One of the highly touted benefits of the new generation of personal computers is their ability, with the right software, to run more than one program at a time. But, as journalist James Fallows observes in a sensible article on new computers in the November Atlanticmagazine, most people don't need to do this. Many would like, though, to switch quickly from one program to another.

Happily, you don't need a state-of-the-art computer to do that, or even an expensive operating environment, such as Microsoft Windows or Quarterdeck's Desqview. What you do need is any IBM-compatible PC with a hard disk and some expanded memory -- 1 megabyte or more. With that, there is simple, inexpensive software that will let you shift quickly from one program to another.

The most tried and true of such programs is Software Carousel, $89.95 from SoftLogic Solutions. In simple terms, it works this way: Your computer's memory is treated as a vast block of working space. It is broken into as many as 12 partitions, with each assigned an amount of memory you choose.

Once the program is running, you may switch from one partition to another at the touch of a "hot key." Each partition functions like a separate computer. So you can load your word processor into one, your database into another and so on.

When you switch partitions, the contents of one are swapped out of main memory into expanded memory. That makes room in active memory for the program in the next partition. The process is almost instantaneous on AT-class or faster computers, but it can take a few seconds on XT-class machines.

An example of Software Carousel's usefulness was a review last April of PC-Globe and PC-USA, two computer atlases that put maps and extensive geographic information at your fingertips. The programs are large and cannot normally be used while running other programs. Software Carousel, however, kept both programs just a keystroke away in two separate partitions while the review was written in a third.

An interesting newer entry in the task-switching category is Back & Forth, $69.95 by mail from Progressive Solutions, 1321 Klondike, San Antonio, Texas 78250 (512-670-1061). You can also try it free as shareware, which is software that is available on computer bulletin boards and paid for on an honor system. Back & Forth functions much like Software Carousel, except that it allocates memory either by program or by partition.

Back & Forth also permits programs to be loaded automatically when you start it and lets you cut and paste data between programs, something Software Carousel can't do. It also includes a phone dialer. This is not a full-blown modem-communications program, however, and the instructions warn that Back & Forth cannot swap a communications program in and out of memory while your modem is on-line with another computer.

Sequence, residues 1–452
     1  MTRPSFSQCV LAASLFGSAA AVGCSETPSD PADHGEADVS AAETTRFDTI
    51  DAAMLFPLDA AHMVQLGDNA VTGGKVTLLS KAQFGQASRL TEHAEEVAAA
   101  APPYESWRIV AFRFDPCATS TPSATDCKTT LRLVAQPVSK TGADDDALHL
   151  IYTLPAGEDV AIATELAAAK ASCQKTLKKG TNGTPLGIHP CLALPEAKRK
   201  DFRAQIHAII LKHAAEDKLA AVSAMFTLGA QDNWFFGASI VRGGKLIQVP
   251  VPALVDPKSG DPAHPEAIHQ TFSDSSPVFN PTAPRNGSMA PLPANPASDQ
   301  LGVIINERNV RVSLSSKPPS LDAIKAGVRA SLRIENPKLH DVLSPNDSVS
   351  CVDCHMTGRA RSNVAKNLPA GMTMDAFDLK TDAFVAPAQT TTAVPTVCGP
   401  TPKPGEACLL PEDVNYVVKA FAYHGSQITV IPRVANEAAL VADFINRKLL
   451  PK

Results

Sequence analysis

This did not happen when I tried it. But when a vendor says a program won't do something, it can't be counted on to do it. So beware. One more thing: The shareware version of Back & Forth is a full-working copy, but it includes an opening message that stays on your screen for 30 seconds before the program starts. It's supposed to be an incentive to pay for a registered copy, but some may find it an incentive to try something else.

You can get the shareware edition from the CompuServe on-line service or from the Public Software Library, P.O. Box 35705, Houston, Texas 77235-5705 (713-665-7017). Also available is an older, obscure program called DOSamatic. It hasn't been updated since 1986 and uses neither expanded memory nor disk space for swapping.

DOSamatic, instead, performs the simple function of letting you load more than one program at a time into main memory and toggle between them.

DOSamatic is useful, for example, in keeping a word processor and modem-communications program going at the same time. This is a timesaver for the traveler who needs to stay on-line with an office system while being able to write messages and memos for transmission to the office.

DOSamatic is also a file manager similar in appearance to Xtree, but with far fewer features. It permits the viewing, copying, deleting, printing and renaming of individual files, but not marked groups of files. The file manager remains in memory and available at all times when you are using DOSamatic.

DOSamatic's main virtue is that it works on any system and is fast even on the slowest computer. Note: The company that developed DOSamatic may no longer be in business, so don't send any registration fees for the program until you determine if there is anyone to receive the money.

Brit Hume is a contributor to the Washington Post Writers Group. He is chief ABC News White House correspondent and the founding editor of a computer newsletter.